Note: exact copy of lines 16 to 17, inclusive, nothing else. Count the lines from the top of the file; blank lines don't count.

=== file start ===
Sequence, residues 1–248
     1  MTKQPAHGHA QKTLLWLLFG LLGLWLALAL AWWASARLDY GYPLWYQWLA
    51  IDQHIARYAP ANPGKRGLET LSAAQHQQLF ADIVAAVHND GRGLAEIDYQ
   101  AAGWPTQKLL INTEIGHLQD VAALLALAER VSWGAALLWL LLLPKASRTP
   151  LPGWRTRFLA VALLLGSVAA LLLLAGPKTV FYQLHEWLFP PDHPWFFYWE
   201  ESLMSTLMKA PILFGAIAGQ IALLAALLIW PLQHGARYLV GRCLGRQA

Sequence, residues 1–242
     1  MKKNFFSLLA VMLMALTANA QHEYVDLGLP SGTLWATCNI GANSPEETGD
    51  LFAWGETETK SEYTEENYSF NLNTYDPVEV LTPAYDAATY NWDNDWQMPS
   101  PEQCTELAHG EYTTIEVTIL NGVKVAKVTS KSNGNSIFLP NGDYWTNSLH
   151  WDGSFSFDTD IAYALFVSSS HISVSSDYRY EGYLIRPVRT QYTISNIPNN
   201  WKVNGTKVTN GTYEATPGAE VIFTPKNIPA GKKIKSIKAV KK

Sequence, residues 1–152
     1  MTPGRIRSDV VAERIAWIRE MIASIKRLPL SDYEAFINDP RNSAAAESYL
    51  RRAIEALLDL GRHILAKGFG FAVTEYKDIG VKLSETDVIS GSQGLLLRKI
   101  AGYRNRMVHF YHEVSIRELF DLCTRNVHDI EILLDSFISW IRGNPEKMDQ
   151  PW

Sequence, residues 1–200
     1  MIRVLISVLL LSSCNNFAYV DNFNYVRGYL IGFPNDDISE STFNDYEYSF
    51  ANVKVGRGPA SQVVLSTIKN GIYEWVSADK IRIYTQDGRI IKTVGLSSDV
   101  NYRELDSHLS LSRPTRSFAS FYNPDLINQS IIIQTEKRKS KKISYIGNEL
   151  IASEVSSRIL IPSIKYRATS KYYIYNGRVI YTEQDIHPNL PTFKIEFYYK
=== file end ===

   101  AGYRNRMVHF YHEVSIRELF DLCTRNVHDI EILLDSFISW IRGNPEKMDQ
   151  PW